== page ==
North Northamptonshire Council (NNC) has committed to becoming carbon neutral by 2030 - just over six months after voting against a bid to do so.
The Conservative-run authority has today (Monday) announced its target date for net zero emissions, having declared a climate emergency at a meeting in July.
At that meeting Green councillor Sarah Tubbs proposed a target date of 2030 for net zero carbon, only for ruling Conservatives to vote it down despite defunct predecessor authorities previously agreeing to it.
But now, seven months later, NNC has committed to the target date - much to the delight of the Green Alliance group.
Cllr Emily Fedorowycz (Green) said: “We tried to get the climate and environment emergency amended to set a date of 2030 at the full council in July 2021. However, it was voted down, so we are very glad to see this announcement and are grateful for the hard work that has gone on behind the scenes doing the carbon audit.
"A lot has changed since July, with COP26 and even more understanding of the threat we collectively face from our changing climate.
"As councillors we will continue pushing for the swift action on climate change that we need, and while a target of carbon neutrality by 2030 is admirable, we hope that can be achieved much earlier, possibly even seeing NNC become carbon negative by 2030.”
The council - subject to approval at the full council meeting February 24 - has proposed specific budget of £1m in funding over the next three years to tackle climate change. It is expected that elements of this funding will be used to develop a carbon management action plan and establish a climate change and environment strategy.
In the immediate term, the funding will also be used to roll out environmental awareness training for all elected members and staff in a phased approach, starting in March.
Cllr Harriet Pentland (Con), the council’s executive member for climate and green environment, said: “At a meeting of the council in July 2021, we declared a climate and environment emergency which was a very important commitment for us to make as a new council.
“At the time, we said that we would set a date for reaching carbon neutrality once we better understood our current carbon emissions by consolidating the position of our predecessor authorities - the most prudent approach to take. We are now in a place to give a realistic, whilst ambitious, timeframe by which we can reach this important goal.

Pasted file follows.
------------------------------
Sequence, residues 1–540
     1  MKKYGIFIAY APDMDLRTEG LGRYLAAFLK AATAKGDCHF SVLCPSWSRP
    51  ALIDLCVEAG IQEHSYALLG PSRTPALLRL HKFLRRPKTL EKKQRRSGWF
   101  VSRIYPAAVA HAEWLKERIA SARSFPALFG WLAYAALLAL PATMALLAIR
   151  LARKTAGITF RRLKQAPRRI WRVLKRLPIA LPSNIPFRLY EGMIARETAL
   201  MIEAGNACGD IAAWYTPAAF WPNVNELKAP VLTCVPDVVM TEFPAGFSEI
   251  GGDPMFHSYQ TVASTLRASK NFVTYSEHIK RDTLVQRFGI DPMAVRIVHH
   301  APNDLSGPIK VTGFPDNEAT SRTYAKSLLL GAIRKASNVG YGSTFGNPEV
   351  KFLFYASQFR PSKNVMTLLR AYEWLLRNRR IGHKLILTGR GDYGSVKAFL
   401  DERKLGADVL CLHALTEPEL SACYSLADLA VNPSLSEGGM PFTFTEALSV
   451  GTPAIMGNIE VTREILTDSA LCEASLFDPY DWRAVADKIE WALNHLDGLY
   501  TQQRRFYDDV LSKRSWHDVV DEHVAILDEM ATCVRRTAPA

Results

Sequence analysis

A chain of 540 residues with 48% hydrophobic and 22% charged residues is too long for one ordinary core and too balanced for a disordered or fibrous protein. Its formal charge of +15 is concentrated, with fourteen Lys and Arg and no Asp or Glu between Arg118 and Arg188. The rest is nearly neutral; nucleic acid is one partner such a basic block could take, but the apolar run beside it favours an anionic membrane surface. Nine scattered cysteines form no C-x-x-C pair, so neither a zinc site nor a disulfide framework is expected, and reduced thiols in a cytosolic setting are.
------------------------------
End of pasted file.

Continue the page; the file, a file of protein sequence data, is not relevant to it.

“And while we have set a goal for 2030, addressing climate change is a much longer-term commitment that will require innovation and widespread change.”
Cllr Jason Smithers (Con), leader of the council, said: “I’m proud of the work we have done so far and look forward to seeing further measures put in place to move towards this goal.
“I would like to personally thank Cllr Pentland and her executive advisory panel for moving forward with pace and getting NNC to this point so early on in this new council’s journey.”
More than 2,000 trees have been planted in the past three months as well as a continued campaign to ‘feed the bees’ by allowing wildflowers to flourish in some roadside verges, where appropriate.
The authority also hosted its own conference - NN Climate 21 - in November, to showcase pioneering measures already in place and in development to reduce carbon emissions in the North Northamptonshire area. Included in this were details of the rollout of on-street electric vehicle charging points with the company Liberty Charge at seven locations in the North Northants area.
Residential, on-street locations were chosen to address charging needs - but not all of the original proposed locations were popular.